If the Octavia has a weakness, it's dynamically. It doesn't drive badly, or anything, but it lacks the incisive, entertaining steering of its cousin, the SEAT Leon. Now, clearly that's yet another fag-paper wall that VW places between the two cars, in an effort to differentiate them, but it is a bit of a shame. You can feel that the Octavia's chassis has good, solid responses, but there's not enough feedback for you to exploit or enjoy it. You could sit back and relax, but our test car had 18-inch alloys fitted, which add too much thump and fidget to the ride quality. Who needs big alloys on a family car?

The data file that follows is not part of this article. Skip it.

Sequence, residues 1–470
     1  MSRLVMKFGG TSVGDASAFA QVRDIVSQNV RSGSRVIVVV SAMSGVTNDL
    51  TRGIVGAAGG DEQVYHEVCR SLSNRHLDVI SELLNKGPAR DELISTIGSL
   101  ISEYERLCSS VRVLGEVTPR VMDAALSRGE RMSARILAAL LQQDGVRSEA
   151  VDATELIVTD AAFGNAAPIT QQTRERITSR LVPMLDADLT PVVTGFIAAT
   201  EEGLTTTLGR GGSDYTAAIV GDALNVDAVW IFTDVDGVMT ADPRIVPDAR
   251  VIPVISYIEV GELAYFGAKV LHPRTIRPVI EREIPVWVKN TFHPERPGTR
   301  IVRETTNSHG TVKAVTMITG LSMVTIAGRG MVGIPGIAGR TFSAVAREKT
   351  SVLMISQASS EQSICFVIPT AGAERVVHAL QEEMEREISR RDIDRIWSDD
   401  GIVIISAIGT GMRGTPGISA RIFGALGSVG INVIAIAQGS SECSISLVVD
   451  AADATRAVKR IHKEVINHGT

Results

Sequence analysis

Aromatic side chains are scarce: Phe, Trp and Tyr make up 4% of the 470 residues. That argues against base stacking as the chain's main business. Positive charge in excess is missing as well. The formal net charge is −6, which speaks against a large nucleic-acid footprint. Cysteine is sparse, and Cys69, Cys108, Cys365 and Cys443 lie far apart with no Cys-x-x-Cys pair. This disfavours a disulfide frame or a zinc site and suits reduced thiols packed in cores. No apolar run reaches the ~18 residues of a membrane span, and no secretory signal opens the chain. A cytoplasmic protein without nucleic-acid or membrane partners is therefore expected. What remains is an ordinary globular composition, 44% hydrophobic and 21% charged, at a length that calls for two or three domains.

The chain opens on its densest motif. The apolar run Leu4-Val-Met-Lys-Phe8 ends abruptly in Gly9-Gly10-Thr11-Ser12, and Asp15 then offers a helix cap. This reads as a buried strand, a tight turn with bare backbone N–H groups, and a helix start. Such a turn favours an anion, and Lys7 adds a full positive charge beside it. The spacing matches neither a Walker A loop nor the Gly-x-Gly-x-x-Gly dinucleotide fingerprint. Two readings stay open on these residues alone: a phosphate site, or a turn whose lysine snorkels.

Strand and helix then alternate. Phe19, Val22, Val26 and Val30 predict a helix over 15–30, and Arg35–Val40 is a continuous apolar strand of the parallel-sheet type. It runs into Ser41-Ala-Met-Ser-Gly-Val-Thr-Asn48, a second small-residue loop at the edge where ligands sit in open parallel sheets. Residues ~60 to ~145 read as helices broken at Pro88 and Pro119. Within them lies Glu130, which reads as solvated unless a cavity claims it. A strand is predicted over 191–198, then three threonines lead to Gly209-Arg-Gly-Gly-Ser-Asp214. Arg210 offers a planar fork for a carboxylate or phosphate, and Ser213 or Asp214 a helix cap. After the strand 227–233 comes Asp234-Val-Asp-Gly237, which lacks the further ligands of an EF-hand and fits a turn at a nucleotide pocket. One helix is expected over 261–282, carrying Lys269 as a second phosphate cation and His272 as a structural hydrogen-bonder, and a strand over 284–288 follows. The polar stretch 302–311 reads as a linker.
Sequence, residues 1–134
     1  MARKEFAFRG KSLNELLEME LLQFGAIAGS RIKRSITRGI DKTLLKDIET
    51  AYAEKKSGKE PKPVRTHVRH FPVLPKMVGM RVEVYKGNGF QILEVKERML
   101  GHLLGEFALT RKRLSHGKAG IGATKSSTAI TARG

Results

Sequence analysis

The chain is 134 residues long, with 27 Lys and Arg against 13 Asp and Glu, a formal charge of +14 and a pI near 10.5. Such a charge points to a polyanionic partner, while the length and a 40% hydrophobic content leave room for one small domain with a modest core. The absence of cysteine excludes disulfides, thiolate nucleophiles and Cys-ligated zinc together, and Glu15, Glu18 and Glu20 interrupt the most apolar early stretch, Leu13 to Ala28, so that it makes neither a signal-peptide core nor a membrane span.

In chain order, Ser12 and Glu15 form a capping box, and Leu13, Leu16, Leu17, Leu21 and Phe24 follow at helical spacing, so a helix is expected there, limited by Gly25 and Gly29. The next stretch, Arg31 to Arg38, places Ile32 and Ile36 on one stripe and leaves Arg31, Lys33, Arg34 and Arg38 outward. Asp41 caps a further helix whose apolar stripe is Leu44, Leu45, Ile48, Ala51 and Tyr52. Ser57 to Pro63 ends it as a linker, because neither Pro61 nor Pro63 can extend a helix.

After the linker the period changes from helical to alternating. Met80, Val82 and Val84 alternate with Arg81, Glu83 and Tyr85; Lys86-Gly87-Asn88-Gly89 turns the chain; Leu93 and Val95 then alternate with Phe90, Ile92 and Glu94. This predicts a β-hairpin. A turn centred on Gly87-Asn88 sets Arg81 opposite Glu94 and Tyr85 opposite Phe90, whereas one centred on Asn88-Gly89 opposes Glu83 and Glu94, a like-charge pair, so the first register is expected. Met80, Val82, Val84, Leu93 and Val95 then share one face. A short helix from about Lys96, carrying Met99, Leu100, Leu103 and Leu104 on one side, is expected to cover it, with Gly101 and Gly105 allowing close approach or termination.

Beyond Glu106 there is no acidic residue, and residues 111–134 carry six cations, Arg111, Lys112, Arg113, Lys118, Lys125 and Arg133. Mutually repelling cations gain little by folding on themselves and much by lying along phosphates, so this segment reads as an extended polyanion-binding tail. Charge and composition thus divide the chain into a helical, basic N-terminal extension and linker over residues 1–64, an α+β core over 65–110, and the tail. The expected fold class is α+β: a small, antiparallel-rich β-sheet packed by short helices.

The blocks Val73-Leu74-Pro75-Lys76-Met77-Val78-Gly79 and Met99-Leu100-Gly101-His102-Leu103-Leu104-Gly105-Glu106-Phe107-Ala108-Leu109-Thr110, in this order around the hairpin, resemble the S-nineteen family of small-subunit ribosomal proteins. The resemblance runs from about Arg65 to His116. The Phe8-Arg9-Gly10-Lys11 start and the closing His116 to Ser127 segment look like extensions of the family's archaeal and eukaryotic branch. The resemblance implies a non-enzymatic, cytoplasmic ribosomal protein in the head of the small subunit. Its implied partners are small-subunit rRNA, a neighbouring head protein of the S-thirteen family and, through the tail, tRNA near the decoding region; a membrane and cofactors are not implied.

And why have you given it this rating?
Because that's what the Octavia is, and what it's best at - being a really, really, incredibly, really, fabulously solid family car. It is one of those cars that slides, effortlessly, into your life and your lifestyle and pretty soon you're wondering both why you never had it before, and quite what you might do once it's gone. Buy another one would be my advice - from its gargantuan boot to its comfy, high quality cabin, this new Octavia is proof that even when VW tries to quell Skoda's ambitions a little, the Czechs can't help it. Whether or not it's truly made for Ireland, it proved ludicrously capable in the hands of this Irishman.